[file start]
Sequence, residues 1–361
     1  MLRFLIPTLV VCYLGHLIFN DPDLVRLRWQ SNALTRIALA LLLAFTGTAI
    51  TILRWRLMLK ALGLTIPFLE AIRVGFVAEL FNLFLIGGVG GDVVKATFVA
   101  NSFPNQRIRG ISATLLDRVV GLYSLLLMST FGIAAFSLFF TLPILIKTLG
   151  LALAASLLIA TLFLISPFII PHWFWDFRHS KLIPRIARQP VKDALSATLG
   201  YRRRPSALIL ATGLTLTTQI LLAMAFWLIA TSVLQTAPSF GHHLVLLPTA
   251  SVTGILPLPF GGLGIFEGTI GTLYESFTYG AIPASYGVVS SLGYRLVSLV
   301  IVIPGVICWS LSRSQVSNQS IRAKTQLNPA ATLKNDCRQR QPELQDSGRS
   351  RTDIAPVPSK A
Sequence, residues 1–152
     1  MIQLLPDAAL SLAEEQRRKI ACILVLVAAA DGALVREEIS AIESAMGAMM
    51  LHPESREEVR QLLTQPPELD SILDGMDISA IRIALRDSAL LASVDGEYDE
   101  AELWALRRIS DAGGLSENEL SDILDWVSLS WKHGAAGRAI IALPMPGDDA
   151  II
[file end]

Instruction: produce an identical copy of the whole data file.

Sequence, residues 1–361
     1  MLRFLIPTLV VCYLGHLIFN DPDLVRLRWQ SNALTRIALA LLLAFTGTAI
    51  TILRWRLMLK ALGLTIPFLE AIRVGFVAEL FNLFLIGGVG GDVVKATFVA
   101  NSFPNQRIRG ISATLLDRVV GLYSLLLMST FGIAAFSLFF TLPILIKTLG
   151  LALAASLLIA TLFLISPFII PHWFWDFRHS KLIPRIARQP VKDALSATLG
   201  YRRRPSALIL ATGLTLTTQI LLAMAFWLIA TSVLQTAPSF GHHLVLLPTA
   251  SVTGILPLPF GGLGIFEGTI GTLYESFTYG AIPASYGVVS SLGYRLVSLV
   301  IVIPGVICWS LSRSQVSNQS IRAKTQLNPA ATLKNDCRQR QPELQDSGRS
   351  RTDIAPVPSK A
Sequence, residues 1–152
     1  MIQLLPDAAL SLAEEQRRKI ACILVLVAAA DGALVREEIS AIESAMGAMM
    51  LHPESREEVR QLLTQPPELD SILDGMDISA IRIALRDSAL LASVDGEYDE
   101  AELWALRRIS DAGGLSENEL SDILDWVSLS WKHGAAGRAI IALPMPGDDA
   151  II